Q: Will you…respect the dignity of every human being?
A: I will, with God’s help.
– From The Baptismal Covenant, The Book of Common Prayer, page 305
Whene’er, by a name other than your own, I call you,
a name I deign to bestow
(one I deem descriptive of an attribute, nay, a deficiency
I perceive you to exhibit, verily, to embody,
thus, I presume to be emblematic…of you),
then I no longer (for I cannot) see you
and much less do I (still less, can I) know you;
even though I do know
(yet choose to ignore)
that we, in our inarguable share of our essential humankindness
alway, our differences notwithstanding, are far more akin and far less alien
(than I’d like to admit).
And whene’er, by a name other than your own, I call you,
I also (actually, primarily) no longer do (or can) see myself.
For whene’er I defame your God-given dignity,
thus, deny your humanity,
I already have dishonored, still more, I already disbelieve mine own.
2 thoughts on “A comment on our current, discordant public/political discourse”
Thank you for this poem, Paul. It strikes a place in me still very tender from an excruciating play Ted and I saw yesterday at a theater in Minneapolis known for its strong social justice foundations and voice (as it exists as part and parcel of a very active and activist community center). It was an early (1960) play by Athol Fugard, the South African playwright who may be best known for Master Harold and the Boys. This play was called Blood Knot and was a two-man show about two brothers, one whose skin was black and the other, white. Essentially, the play reduced the agonies of racial prejudice, white supremacy, apartheid, and the resulting damage to human beings to the scope of the relationship of two people in one room in a black township in South Africa. It was two and half hours of one of the most exhausting and exhaustive experiences I’ve ever seen on a theater stage. Names were among the weapons wielded on that stage, and the play demonstrated so directly and poignantly how deadly they are, both for the namer and the named. All night I wondered how the two incredible actors who performed that show could do it over and over again for weeks without simply collapsing of fatigue and despair. But they have been friends for many, many years, and both said they could not have done the play except with each other.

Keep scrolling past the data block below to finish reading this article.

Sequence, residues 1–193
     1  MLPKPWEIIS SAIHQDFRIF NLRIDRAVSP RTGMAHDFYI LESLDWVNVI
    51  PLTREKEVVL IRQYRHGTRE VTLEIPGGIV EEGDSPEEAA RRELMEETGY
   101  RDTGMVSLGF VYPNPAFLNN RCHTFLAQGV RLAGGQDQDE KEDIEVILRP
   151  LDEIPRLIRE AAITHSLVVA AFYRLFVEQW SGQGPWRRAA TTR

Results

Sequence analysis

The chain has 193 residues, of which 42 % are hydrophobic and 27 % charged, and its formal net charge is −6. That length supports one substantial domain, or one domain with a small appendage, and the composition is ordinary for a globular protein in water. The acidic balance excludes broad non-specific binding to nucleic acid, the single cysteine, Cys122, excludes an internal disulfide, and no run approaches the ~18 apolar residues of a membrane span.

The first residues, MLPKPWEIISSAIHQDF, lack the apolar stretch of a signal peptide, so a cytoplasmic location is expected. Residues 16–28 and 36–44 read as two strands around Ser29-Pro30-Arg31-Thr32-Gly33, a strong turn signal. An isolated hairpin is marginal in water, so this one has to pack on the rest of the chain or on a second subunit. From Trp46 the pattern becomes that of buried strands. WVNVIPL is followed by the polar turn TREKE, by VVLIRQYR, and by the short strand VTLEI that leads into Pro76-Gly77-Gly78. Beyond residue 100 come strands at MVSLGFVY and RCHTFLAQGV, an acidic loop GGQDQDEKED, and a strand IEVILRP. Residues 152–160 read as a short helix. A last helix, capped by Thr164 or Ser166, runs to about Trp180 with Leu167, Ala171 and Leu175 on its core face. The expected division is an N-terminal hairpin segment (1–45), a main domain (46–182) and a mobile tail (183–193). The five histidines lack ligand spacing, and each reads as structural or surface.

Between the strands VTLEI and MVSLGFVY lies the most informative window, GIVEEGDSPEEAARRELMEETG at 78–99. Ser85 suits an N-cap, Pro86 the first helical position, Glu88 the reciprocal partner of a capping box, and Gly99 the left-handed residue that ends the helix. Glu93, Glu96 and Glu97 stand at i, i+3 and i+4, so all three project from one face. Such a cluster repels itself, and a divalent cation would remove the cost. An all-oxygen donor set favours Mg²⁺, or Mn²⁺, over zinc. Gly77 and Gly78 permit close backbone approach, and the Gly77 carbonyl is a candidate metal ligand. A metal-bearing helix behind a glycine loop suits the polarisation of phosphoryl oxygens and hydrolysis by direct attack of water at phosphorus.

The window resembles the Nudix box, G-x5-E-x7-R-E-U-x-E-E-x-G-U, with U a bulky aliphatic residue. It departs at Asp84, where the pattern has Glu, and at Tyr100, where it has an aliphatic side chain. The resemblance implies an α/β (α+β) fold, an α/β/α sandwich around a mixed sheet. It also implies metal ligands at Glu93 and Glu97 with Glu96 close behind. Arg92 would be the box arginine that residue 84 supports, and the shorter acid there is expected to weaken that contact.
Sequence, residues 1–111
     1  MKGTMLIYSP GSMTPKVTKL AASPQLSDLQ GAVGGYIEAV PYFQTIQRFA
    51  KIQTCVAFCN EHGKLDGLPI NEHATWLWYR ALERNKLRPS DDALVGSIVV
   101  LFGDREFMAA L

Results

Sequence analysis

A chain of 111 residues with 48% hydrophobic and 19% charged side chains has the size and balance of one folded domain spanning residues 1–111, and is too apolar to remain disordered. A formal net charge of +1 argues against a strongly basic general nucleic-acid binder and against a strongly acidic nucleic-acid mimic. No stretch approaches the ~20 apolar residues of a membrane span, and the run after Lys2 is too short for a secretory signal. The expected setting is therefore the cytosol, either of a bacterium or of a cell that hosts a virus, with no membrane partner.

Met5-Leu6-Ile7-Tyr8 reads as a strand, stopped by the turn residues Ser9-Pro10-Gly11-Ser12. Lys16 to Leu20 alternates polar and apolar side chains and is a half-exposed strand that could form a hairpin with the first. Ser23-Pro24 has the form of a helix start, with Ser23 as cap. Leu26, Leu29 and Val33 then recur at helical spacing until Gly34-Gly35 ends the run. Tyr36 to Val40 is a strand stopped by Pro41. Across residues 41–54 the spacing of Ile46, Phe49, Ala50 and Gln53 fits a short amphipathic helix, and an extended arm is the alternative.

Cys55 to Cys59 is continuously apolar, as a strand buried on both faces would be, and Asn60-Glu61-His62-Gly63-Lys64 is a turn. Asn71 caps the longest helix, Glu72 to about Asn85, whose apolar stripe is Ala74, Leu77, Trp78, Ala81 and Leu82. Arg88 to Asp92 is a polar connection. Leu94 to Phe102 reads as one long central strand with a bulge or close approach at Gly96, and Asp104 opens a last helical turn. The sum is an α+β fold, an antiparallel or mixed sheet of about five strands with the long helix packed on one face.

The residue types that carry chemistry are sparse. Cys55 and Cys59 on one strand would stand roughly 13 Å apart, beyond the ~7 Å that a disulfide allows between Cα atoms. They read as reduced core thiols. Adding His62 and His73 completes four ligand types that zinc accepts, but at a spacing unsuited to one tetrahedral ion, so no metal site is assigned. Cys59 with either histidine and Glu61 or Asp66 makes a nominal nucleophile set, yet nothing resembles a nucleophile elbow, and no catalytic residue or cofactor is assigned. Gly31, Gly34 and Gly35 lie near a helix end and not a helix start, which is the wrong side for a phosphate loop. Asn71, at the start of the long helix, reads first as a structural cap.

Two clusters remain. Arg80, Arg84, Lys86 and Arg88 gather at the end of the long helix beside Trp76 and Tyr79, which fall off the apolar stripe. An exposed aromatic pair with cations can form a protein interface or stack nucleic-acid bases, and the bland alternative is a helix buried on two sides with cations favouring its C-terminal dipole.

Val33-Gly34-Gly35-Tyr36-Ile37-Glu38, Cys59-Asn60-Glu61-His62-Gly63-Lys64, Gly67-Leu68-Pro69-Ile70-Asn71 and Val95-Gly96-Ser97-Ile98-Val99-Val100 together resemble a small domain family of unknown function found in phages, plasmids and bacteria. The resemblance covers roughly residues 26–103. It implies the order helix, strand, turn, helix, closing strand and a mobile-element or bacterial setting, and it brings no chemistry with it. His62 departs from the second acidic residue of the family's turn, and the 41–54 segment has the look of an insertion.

Oh, if we could only recognize what we do when we give in to our worst impulses to divide, to demonize, to cast others as something we invent and manufacture, a kind of twisted self-definition to cover and salve our own deep wounds. This play made that process so clear; it was like watching someone deliberately destroying everything he cares about in order to exorcise self-doubt and self-hatred.
Thank you for your poetic picture of the essence of what we saw yesterday afternoon. Both artworks are a part of what I was referring to in my post to you yesterday, the increasingly visible and encouraging response to the casual cruelty, the viciousness, and the amorality that are currently regularly sanctioned from places of power and influence in our country and in other places around the globe. May all of us with ears to hear, and with voices to speak, continue to listen, to read, to speak, and to write in order to demonstrate that we will not accept what we see happening all around us, to our brothers and sisters, to our institutions, and to our mother, the earth. We haven’t forgotten either who or whose we are or the sacred nature of the ties that bind us one to the other and to our home.
With love and gratitude to you, Paul, for being such a key voice in my life. You encourage and strengthen my belief in the future and in Love as the primary force in the universe.
My Dearest Karen,
I thank you, most sincerely, for these words. In reading and rereading your message, I am struck by what, at least, initially, I perceive as a paradox, which I frame in the form of a question. Why is it that one of the most obvious lessons of life and nature, that is, the oneness of all created things and of all creation, given our human proclivity to segregate ourselves one from another (aye, from ourselves) has to be retaught and relearned over and over again? I ponder this, which, again, I consider a paradox, indeed, a mystery, that is, irresolvable by human reason.
Athol Fugard’s, “Blood Knot,” indeed, is a searing experience both for audience and actors. St. Mark’s Church, Capitol Hill, where I served for nearly 17 years, had and has a resident community theater troupe, The St. Mark’s Players. Each academic year, the group performs three productions. Usually, in the spring, a drama. One year, that drama was Blood Knot. I still remember my bowels wrenching as I sat uneasily throughout the production. I once had the text on my shelf, but discarded it – after reading it several times – for I found (I never found!) any peace in seeking to absorb the words. Nevertheless, on instant reflection, again, in the light of your words here, I realize that deeply I internalized Fugard’s message, which, in this my latest post/poem pours out. (For I do not believe – at least, consciously – that, until now, I made the connection between my denigration of another and my denigration of myself, aye, my self.)